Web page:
Cloud–Precipitation Hybrid Regimes and Their Projection onto IMERG Precipitation Data

Daeho Jin aUniversities Space Research Association, Columbia, Maryland
bNASA Goddard Space Flight Center, Greenbelt, Maryland

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Lazaros Oreopoulos bNASA Goddard Space Flight Center, Greenbelt, Maryland

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Dongmin Lee bNASA Goddard Space Flight Center, Greenbelt, Maryland
cMorgan State University, Baltimore, Maryland

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Jackson Tan aUniversities Space Research Association, Columbia, Maryland
bNASA Goddard Space Flight Center, Greenbelt, Maryland

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Nayeong Cho aUniversities Space Research Association, Columbia, Maryland
bNASA Goddard Space Flight Center, Greenbelt, Maryland

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Abstract

To better understand cloud–precipitation relationships, we extend the concept of cloud regimes developed from two-dimensional joint histograms of cloud optical thickness and cloud-top pressure from MODIS to include precipitation information. Taking advantage of the high-resolution IMERG precipitation dataset, we derive cloud–precipitation “hybrid” regimes by implementing a k-means clustering algorithm with advanced initialization and objective measures to determine the optimal number of clusters. By expressing the variability of precipitation rates within 1° grid cells as histograms and varying the relative weight of cloud and precipitation information in the clustering algorithm, we obtain several editions of hybrid cloud–precipitation regimes (CPRs) and examine their characteristics. In the deep tropics, when precipitation is weighted weakly, the cloud part centroids of the hybrid regimes resemble their counterparts of cloud-only regimes, but combined clustering tightens the cloud–precipitation relationship by decreasing each regime’s precipitation variability. As precipitation weight progressively increases, the shape of the cloud part centroids becomes blunter, while the precipitation part sharpens. When cloud and precipitation are weighted equally, the CPRs representing high clouds with intermediate to heavy precipitation exhibit distinct enough features in the precipitation parts of the centroids to allow us to project them onto the 30-min IMERG domain. Such a projection overcomes the temporal sparseness of MODIS cloud observations associated with substantial rainfall, suggesting great application potential for convection-focused studies for which characterization of the diurnal cycle is essential.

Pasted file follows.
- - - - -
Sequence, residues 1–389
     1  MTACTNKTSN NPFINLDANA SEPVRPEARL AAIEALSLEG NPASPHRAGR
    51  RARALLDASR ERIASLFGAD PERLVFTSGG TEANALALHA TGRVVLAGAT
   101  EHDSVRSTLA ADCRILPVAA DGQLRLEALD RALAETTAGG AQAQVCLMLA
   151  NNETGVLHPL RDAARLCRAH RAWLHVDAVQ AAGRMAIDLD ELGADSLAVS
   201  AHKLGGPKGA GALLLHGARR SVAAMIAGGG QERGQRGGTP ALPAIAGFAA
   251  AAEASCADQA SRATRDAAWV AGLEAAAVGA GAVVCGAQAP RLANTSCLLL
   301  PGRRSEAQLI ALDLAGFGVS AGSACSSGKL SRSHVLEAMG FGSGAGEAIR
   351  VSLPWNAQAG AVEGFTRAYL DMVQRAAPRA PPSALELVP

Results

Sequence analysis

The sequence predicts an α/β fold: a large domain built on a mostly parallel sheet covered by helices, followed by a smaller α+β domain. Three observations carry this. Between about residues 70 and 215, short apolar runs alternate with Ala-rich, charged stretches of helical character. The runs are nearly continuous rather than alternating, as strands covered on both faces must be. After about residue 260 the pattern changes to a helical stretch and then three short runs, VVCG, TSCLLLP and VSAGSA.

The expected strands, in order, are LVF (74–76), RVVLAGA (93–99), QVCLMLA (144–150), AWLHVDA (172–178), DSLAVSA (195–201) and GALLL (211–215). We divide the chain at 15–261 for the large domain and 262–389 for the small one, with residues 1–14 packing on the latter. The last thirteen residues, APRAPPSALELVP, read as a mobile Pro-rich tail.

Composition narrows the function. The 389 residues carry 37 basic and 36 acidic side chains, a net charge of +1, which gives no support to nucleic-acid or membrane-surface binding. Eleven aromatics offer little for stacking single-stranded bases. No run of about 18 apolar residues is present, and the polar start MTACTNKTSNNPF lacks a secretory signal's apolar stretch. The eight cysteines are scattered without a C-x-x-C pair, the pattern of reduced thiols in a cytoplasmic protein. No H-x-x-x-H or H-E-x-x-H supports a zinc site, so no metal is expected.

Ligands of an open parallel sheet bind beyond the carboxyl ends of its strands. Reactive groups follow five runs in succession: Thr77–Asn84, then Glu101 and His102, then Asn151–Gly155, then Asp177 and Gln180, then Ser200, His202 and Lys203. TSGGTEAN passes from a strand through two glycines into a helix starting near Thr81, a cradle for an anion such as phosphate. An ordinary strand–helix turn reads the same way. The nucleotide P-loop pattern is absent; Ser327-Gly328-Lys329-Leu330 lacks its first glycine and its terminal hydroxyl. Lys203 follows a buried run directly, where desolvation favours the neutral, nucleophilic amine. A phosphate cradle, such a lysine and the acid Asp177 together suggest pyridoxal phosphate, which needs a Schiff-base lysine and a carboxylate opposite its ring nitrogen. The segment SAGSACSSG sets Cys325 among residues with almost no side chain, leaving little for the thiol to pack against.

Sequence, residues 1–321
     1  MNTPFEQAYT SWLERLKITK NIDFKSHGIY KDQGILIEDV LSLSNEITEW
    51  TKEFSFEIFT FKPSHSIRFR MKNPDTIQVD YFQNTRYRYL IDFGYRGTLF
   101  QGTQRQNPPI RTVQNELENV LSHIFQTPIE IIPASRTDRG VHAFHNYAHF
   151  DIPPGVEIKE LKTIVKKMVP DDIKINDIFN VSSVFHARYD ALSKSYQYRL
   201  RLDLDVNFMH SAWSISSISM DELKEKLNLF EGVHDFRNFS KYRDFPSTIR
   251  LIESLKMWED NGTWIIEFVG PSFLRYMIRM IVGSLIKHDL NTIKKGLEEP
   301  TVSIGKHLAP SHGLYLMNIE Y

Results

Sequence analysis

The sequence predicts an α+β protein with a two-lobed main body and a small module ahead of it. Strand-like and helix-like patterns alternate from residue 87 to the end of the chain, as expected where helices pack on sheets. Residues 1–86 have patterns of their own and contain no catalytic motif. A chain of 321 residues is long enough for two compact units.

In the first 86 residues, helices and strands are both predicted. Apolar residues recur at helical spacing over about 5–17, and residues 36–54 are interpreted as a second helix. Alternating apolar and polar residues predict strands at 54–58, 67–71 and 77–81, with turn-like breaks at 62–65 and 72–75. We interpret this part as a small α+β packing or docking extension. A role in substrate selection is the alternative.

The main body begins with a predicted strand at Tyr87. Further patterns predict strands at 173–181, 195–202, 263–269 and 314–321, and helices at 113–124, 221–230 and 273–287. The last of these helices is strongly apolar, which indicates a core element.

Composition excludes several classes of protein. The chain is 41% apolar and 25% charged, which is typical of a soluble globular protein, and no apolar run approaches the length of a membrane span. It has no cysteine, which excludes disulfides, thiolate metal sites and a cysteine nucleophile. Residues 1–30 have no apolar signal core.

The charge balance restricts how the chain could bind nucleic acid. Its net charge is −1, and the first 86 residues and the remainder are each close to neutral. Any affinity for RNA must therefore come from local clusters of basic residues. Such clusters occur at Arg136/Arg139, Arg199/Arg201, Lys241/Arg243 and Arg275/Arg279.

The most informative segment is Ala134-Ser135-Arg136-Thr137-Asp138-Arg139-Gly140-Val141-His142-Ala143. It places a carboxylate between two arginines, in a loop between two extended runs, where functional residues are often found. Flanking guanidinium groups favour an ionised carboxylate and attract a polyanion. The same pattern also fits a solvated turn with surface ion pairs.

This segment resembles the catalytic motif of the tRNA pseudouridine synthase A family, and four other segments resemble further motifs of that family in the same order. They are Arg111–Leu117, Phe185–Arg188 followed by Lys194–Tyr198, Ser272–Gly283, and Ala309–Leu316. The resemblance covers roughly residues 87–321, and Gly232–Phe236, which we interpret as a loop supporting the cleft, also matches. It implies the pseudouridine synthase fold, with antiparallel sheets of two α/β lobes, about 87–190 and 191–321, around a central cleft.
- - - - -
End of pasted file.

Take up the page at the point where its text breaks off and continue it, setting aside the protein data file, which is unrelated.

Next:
Significance Statement

Clouds and precipitation are related in close but complex ways. In this work we attempt to provide a classification of daytime cloud–precipitation co-occurrence and covariability, with emphasis on tropical regions. We achieve such a classification using a k-means clustering algorithm applied to cloud fraction and precipitation intensity histograms, which yields “hybrid” clusters, that is, groups whose members have similar cloud and precipitation properties. These hybrid clusters reveal more detailed features of coincident daytime cloud and precipitation systems than do clusters in which clouds and precipitation are treated separately. Moreover, the realization that precipitation features associated with high and optically thick clouds have very distinct patterns enables hybrid cluster prediction solely on the basis of precipitation information. This has the important implication that rarer cloud observations can be extended to the more frequent (including nighttime) precipitation domain.

Supplemental information related to this paper is available at the Journals Online website: https://doi.org/10.1175/JAMC-D-20-0253.s1.

For information regarding reuse of this content and general copyright information, consult the AMS Copyright Policy (www.ametsoc.org/PUBSReuseLicenses).

Corresponding author: Daeho Jin, daeho.jin@nasa.gov

Abstract